I woke up at about 5:30 Friday morning. It didn’t take me long to figure out I was cold. Very cold.

I knew that the forecast called for a drastic drop in temperature from a day or two before, but I still felt colder than I thought I would. I soon realized why. From the sound my furnace was making, I figured out it wasn’t working.

Knowing I could do nothing about it so early in the day, I rolled over and was able to fall back to sleep.

The next time I woke up, I wasn’t able to fall back to sleep. But, it wasn’t due only to the cold.

My response to what I thought was a broken furnace made it too hard to sleep. Can you predict my thoughts? When would the repairman be able to come? What if many other people are already on the list for repairs? It’s Friday – if someone can’t come today I’ll have to pay more on the weekend. I leave soon on a trip so it’s got to get fixed. How much will it cost? Where will the money come from? … Perhaps you can relate.

I eventually made it out of bed and walked toward the thermostat because I was curious to see how cold it had gotten overnight. That’s when I saw a message, rather than the temperature, on the control panel.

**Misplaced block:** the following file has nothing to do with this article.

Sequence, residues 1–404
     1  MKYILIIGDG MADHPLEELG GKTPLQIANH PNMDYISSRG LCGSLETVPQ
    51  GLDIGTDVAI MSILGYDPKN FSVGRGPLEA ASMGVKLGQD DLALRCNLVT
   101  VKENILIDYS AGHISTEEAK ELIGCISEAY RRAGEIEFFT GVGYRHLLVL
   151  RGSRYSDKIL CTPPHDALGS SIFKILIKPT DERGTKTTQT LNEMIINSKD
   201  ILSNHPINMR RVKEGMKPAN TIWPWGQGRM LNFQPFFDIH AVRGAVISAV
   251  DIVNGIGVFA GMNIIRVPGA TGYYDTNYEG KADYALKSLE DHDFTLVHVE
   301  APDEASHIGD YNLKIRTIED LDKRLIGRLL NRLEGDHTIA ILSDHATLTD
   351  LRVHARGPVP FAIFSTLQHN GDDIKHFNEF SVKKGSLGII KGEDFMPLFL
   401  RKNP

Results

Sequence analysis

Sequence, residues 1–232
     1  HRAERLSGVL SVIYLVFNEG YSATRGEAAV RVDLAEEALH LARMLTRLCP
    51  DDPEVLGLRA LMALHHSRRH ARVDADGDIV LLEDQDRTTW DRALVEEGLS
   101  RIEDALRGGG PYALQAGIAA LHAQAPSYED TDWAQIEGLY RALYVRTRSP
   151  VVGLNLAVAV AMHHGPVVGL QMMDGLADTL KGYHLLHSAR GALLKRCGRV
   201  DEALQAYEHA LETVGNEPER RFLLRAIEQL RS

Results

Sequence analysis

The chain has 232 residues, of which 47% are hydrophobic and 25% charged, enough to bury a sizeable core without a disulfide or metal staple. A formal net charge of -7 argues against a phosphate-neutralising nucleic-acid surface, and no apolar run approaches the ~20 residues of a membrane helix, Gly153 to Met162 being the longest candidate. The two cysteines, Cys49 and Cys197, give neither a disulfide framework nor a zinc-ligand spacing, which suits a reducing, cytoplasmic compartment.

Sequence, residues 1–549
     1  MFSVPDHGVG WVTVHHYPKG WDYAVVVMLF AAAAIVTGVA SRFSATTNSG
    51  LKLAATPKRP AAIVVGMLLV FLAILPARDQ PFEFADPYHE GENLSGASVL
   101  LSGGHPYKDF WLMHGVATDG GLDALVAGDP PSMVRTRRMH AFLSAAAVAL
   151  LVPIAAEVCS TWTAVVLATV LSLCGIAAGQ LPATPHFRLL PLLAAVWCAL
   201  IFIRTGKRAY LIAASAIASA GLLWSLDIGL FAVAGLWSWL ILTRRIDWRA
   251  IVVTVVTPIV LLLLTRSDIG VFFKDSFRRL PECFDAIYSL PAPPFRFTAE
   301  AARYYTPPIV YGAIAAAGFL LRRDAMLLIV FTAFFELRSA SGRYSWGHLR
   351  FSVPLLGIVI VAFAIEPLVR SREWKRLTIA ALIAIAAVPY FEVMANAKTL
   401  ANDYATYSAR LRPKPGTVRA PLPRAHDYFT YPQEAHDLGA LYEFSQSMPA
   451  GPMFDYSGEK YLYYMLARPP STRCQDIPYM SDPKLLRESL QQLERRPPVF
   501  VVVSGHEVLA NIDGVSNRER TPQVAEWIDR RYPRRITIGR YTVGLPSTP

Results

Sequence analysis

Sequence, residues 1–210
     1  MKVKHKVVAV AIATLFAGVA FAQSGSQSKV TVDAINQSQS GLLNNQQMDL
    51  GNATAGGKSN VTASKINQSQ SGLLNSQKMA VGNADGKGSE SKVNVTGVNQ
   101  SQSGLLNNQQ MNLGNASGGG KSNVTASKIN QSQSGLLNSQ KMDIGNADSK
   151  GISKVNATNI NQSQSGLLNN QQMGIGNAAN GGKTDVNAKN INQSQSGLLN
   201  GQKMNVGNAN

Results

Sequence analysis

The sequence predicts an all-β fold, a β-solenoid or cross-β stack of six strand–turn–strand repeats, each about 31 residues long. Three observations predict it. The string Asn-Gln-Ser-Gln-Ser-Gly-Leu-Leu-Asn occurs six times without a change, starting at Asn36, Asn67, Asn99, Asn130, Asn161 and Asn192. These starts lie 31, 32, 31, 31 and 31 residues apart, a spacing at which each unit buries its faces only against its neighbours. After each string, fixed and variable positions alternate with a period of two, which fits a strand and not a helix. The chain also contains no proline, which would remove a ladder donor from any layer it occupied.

Low battery.

Oh my goodness. I was instantly relieved. I found new batteries, exchanged the old for the new, and then read that it was 57°. The furnace instantly went to work heating my home. I praised God and relaxed. At the same time, I was disappointed in myself for being so pessimistic.

That night, at a Christmas celebration dinner, I told a friend, “I wish I would’ve had more faith and not had so many negative thoughts.”

Louise very kindly responded that she was sure most people would’ve reacted as I did.

Compassion. It’s a beautiful thing.

I believe most logic-smart people probably would have responded as I did. We are the ones who think with questions. We often begin analyzing situations before we have all the information. If we’re not careful, our pattern of thinking can become very negative. And, we can be guilty of trying to solve the problem independently of others.

As I often teach, thinking with questions isn’t a bad thing … it’s a logic-smart thing. I need to continually use this intelligence in good and healthy ways and reign it in when I feel it drags me down. I need to remember I’m an optimistic person. I shouldn’t forget that when I choose to use my logic-smart strengths.

Can you relate? Or, is this something to talk with your children about?

Let’s be smart with our smarts! And, let’s be compassionate toward ourselves and others. That’s smart!